DEAR AMY: I have a very slight problem.
My wife and I have been married for seven years. When we got married, I didn't care whether she took my name, and she didn't ask me to take hers (I wouldn't have).
We have blissfully retained our individual identities for our entire married life, and it doesn't bother anyone in the slightest.
My wife and I have a child, with another on the way.
While she was gestating our first, we discussed last names and quickly realized that neither of us was going to be happy with his or her last name relegated to the exile of being a middle name or any other decision that favored one last name over another.
The result is that we hyphenated the last name. Our daughter now has a first and middle name to go with a hyphenated last name that's of considerable length.
This seems grossly unfair to me. We have saddled our children with the consequences of our inability to compromise.
As they grow, our children will undoubtedly lament the length of their last name. I can't even begin to contemplate the possibilities for when they get married.
Can you imagine when a hyphen marries a hyphen and both feel attached to their names? And will their kids have hyphenated names consisting of four last names joined together?
At one point we discussed a hybridization of our last names, but the most natural way to accomplish this includes my complete name and only a part of hers, which seems unfair as well.
Any advice would be appreciated. Also, any anecdotes from readers about the ups and downs of having long and/or hyphenated last names would be great.
— Conflicted Father
DEAR CONFLICTED: This problem is only slight if you think names aren't important, but obviously — you (and your wife) believe that names are the only window onto one's identity.
So you need to answer this question: Who can claim primacy to your child's identity — you or your wife?
OK. That was a trick question.
Your child's primary identity belongs to the child.
So far, your child, who I will call "Brittany Clovis Stevenson-Glockenspiel" is mainly the symptom carrier for her mommy and daddy's unwillingness to identify as anything other than their individual selves.
One way out lies in the symmetry of your growing family.
You could give one child your surname and the other your wife's.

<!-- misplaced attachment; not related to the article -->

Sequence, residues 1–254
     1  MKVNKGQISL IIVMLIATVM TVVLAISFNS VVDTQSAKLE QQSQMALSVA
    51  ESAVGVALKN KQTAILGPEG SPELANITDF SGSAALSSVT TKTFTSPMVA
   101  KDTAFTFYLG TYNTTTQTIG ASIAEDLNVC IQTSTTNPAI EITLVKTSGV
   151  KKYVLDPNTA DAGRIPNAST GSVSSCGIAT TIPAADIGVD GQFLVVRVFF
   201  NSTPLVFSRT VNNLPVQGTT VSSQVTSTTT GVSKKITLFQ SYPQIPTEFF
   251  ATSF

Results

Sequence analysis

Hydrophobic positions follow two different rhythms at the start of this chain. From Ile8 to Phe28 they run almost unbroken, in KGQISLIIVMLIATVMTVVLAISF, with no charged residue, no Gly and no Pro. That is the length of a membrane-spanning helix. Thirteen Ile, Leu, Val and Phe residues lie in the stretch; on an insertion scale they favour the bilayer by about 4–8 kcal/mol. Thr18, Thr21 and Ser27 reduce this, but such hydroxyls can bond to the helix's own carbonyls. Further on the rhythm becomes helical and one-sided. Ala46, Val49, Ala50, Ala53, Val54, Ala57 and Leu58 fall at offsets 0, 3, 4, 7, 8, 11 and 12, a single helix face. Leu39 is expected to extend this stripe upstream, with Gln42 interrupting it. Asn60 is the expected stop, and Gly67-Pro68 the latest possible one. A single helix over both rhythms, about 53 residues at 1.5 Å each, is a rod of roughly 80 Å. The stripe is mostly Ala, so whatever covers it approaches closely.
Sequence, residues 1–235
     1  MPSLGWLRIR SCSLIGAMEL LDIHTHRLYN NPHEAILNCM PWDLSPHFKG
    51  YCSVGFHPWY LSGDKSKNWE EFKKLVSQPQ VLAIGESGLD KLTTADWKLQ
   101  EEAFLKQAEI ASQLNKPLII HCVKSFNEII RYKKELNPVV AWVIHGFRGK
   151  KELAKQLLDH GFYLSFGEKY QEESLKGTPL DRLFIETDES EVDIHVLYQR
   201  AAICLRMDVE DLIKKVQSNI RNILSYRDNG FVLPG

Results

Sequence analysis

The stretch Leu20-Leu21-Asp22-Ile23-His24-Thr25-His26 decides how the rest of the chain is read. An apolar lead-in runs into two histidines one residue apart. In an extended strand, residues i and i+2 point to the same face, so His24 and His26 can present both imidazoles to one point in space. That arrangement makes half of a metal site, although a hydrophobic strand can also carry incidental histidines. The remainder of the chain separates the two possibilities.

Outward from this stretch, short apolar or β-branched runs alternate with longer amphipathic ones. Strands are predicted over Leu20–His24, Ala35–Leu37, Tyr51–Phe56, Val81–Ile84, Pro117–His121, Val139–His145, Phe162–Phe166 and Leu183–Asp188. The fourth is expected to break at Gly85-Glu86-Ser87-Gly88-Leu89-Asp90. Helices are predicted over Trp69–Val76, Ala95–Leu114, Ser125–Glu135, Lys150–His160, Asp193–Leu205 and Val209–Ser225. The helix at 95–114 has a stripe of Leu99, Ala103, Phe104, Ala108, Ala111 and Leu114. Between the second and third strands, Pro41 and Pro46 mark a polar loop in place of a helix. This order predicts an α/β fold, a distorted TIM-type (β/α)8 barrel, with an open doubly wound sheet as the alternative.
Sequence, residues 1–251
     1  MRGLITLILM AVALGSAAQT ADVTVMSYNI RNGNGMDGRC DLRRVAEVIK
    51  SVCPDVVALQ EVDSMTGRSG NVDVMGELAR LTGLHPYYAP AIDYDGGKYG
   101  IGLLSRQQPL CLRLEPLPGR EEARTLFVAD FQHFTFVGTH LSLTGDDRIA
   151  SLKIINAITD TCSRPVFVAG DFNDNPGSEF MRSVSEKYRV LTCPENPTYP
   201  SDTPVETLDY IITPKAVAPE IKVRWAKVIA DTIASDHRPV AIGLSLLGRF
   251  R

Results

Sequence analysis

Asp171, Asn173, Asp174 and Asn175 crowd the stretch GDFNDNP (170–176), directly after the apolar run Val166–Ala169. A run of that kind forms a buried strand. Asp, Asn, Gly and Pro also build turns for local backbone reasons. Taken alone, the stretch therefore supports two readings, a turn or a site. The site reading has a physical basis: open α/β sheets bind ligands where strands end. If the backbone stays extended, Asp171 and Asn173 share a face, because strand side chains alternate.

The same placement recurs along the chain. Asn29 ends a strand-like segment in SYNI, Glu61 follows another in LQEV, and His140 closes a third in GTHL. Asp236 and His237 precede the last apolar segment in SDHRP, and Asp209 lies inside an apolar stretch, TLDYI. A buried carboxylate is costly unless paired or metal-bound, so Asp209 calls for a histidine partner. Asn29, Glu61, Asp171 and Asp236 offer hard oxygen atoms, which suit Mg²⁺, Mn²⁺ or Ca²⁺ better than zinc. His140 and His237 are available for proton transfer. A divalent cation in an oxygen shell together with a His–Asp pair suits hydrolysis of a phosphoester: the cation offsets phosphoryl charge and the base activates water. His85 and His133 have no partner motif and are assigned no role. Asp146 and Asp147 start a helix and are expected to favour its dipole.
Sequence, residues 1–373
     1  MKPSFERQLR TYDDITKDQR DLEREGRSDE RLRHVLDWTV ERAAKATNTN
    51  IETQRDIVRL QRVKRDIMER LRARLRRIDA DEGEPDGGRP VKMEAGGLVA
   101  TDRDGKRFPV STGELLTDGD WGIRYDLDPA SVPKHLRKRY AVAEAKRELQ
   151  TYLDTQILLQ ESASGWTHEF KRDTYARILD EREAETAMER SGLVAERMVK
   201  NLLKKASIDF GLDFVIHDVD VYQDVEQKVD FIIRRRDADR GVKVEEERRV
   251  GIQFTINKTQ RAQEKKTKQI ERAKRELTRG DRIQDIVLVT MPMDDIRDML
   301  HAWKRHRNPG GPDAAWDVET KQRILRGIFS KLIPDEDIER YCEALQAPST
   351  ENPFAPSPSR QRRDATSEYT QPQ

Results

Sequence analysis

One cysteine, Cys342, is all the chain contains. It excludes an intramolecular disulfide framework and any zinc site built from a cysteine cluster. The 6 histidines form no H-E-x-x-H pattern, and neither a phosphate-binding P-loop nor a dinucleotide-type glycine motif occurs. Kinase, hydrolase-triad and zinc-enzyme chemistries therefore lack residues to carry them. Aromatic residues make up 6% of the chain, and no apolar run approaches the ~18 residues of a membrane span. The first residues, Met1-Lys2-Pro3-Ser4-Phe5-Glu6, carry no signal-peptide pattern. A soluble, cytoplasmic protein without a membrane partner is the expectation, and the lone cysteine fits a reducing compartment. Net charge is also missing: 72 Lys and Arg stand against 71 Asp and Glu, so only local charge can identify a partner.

This keeps everything fair, with each of you clinging to your respective separateness.
Or you could read this letter back to yourself and notice (as I did), that you are a very smart person locked in a sad and silly conflict.
I also take issue with your characterization of a middle name as being some sort of identity exile. Maybe because I love my own.
Because you wrote to me, I vote for your name to go in the middle.
DEAR AMY: We have good friends who are renewing their vows next month.
I'm not a fan of these ceremonies, but we wouldn't miss something that is important to them.
We received a somewhat formal invitation, including a response card.
The ceremony and barbecue reception will be at their house.
Are we supposed to take a gift — just like the first time they recited their vows?
— Former Matron of Honor
DEAR FORMER: I vote no on a gift.
However, I do think you should dig up a photo from this couple's original wedding, if possible, and write a fun and sweet caption on it.
You could note that styles may change and hairlines may recede, but a long and happy marriage never goes out of style.
DEAR AMY: Like "Flush with Funds," I recently had the great fortune of coming into a sizable amount of money. People lined up with their hands out.
My financial adviser handed me a stack of business cards and instructed me to hand one to anyone who asked me for money, instructing them to forward their "formal business plan" directly to him.
I told anyone asking for a personal loan that all requests needed to go through my attorney.
— Problem Solved
DEAR SOLVED: I like it.
Send questions via email to email@example.com. Amy Dickinson's memoir, The Mighty Queens of Freeville: A Mother, a Daughter and the Town that Raised Them (Hyperion), is available in bookstores.